Cari Taylor-Carlson
Milwaukee Walks

The Streets That Solomon Juneau Planned

A walk through Juneautown mixes downtown high rises and a surprising number of sculptures.

By - Nov 28th, 2022 11:52 am
Solomon Juneau Statue. Photo taken June 26, 2022 by Cari Taylor-Carlson.

Solomon Juneau Statue. Photo taken June 26, 2022 by Cari Taylor-Carlson.

Distance: 2.5 miles
Start: The corner of N. Cass St. and E. Lyon St.
Parking: On the street

Solomon Juneau, fur trader, voyageur, frontiersman, entrepreneur, and father of 13, was no fool when he got into the business of real estate speculation. He came to Milwaukee in 1818 after he met Jacques Vieau, a well-established fur trader from Green Bay who had an outpost in Milwaukee. Juneau soon married Vieau’s daughter Josette. She was 17; Juneau was 27.

With his partner Morgan Martin, Juneau purchased 130 acres north of Wisconsin Avenue and east of the Milwaukee River. He platted lots, hired contractors to grade streets, and began selling parcels of land in this prime area that soon became known as Juneautown.

Juneau was appointed Milwaukee’s first postmaster in 1835 and among his many successes, he is also remembered for helping to launch the Milwaukee Sentinel. When Milwaukee became a city in 1846, Juneau was its first mayor, an impressive accomplishment for a French-Canadian who gained his citizenship in 1831. By 1846, when the city was incorporated, Milwaukee was no longer a wilderness, but instead, a thriving community of more than 12,000.

In 1848, Juneau and Josette left the city and founded a rural settlement which he named Theresa, north and west of Milwaukee in Dodge County. Here he reentered the fur trade, opened a grist mill and general store, and returned to his former life as a frontiersman.

He lived in Milwaukee for 30 years and in that time, he established much of the area we now know as East Town and Yankee Hill and thus made it possible for wealthy settlers to build their homes and businesses on land he had purchased, platted and paved.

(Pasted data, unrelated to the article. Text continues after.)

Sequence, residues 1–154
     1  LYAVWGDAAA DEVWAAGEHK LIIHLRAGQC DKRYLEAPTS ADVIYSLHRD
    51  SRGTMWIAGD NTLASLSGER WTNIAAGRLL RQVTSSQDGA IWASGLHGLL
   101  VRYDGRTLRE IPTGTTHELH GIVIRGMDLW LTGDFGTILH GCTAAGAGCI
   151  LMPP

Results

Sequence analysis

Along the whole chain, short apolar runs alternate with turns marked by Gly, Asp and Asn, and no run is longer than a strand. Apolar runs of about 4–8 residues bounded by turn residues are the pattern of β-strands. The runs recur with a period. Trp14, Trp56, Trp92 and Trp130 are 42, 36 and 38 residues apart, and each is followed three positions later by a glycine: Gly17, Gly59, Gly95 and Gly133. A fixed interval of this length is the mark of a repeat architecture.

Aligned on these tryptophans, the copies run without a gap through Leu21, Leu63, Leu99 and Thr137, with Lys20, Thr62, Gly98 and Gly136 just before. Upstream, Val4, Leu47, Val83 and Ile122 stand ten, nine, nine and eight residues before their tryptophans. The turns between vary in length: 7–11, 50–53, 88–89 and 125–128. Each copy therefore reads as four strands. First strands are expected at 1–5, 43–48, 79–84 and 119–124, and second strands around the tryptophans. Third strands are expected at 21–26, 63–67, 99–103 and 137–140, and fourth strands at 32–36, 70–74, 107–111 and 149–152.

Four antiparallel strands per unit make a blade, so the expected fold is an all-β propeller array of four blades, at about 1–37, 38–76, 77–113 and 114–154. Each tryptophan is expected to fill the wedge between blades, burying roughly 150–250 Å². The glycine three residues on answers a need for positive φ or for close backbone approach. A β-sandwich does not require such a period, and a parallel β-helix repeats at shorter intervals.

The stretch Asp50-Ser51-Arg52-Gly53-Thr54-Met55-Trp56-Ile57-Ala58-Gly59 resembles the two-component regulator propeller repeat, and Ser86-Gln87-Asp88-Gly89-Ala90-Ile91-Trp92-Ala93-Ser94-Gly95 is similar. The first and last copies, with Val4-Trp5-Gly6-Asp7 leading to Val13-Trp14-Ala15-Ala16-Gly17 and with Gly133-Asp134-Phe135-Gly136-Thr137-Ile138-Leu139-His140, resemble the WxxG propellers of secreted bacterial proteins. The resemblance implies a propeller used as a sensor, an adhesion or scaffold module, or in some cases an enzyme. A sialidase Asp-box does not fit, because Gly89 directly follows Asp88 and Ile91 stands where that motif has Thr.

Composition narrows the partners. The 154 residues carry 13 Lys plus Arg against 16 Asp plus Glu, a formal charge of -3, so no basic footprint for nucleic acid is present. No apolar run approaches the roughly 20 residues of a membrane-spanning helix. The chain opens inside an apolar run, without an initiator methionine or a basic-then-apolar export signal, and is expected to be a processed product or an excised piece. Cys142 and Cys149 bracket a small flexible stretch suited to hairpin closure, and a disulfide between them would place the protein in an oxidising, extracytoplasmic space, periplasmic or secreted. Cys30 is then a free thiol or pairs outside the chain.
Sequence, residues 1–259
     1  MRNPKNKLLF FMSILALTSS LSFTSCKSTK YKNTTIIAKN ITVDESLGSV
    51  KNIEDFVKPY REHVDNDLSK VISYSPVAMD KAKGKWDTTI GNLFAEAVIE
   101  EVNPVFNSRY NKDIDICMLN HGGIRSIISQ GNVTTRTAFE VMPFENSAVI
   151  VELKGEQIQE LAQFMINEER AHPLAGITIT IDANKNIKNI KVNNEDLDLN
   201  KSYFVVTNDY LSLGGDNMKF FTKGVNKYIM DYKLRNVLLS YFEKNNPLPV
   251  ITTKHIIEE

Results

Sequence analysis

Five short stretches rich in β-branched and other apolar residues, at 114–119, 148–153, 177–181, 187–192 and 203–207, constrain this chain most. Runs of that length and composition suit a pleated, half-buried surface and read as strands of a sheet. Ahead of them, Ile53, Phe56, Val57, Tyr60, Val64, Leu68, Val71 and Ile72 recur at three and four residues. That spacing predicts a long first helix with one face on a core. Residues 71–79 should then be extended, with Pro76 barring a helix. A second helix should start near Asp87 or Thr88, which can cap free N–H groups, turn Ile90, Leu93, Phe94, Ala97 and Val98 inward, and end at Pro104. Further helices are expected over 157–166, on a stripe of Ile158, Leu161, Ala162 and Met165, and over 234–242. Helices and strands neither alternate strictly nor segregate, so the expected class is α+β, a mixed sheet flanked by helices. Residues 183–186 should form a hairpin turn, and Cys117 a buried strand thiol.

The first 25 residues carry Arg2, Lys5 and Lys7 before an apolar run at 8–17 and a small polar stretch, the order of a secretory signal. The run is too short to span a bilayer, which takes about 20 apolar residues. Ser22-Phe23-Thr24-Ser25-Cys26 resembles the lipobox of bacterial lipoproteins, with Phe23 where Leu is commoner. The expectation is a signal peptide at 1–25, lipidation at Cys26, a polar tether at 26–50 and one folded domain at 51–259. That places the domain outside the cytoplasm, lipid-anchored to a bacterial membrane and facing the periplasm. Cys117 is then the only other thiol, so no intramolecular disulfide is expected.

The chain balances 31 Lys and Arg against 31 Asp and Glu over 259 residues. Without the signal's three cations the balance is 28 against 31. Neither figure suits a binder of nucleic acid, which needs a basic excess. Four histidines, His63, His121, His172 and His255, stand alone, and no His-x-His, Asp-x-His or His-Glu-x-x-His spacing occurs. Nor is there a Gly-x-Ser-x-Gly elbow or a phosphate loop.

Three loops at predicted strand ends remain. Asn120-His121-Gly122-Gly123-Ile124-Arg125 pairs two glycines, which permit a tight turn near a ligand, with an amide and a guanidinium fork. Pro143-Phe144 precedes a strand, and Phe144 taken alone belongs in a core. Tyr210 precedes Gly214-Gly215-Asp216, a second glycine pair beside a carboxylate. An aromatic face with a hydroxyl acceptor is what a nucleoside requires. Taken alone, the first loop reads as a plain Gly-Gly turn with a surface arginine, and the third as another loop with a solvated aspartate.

Today there are many public sculptures in this area of the city, including one of Juneau himself, appropriately located in Juneau Park. You will see a dozen works of art on this walk that features sculpture north of Wisconsin Avenue and east of the Milwaukee River. The walk also includes an adjoining area of the Lower East Side, to add more sculptures to our tour.

The Walk

Start at the corner of N. Cass St. and E. Lyon St. where you will find a charming statue, “Boy with Goose,” inside the fenced area. Pause at the fountain or sit on one of the benches to enjoy this oasis on the bustling east side. Continue south on Cass and east on E. Ogden Ave. to N. Prospect Ave. Walk north on Prospect to 1360 to see the Holocaust Memorial, 22 panels designed to evoke the pages of a book. Each panel is marked with the name of a concentration camp. Railroad ties suggest the trains that took the Jews to the camps and the granite obelisk is symbolic of the chimneys in the camps. The inscription “Zakhor” means “Remember.”

Walk south on Prospect past the sculpture of Robert Burns and past the Spite House, each described in the Prospect Avenue Walk we wrote. When you come to Juneau Park, look for the larger-than-life sculpture of Leif Erikson, The Discoverer.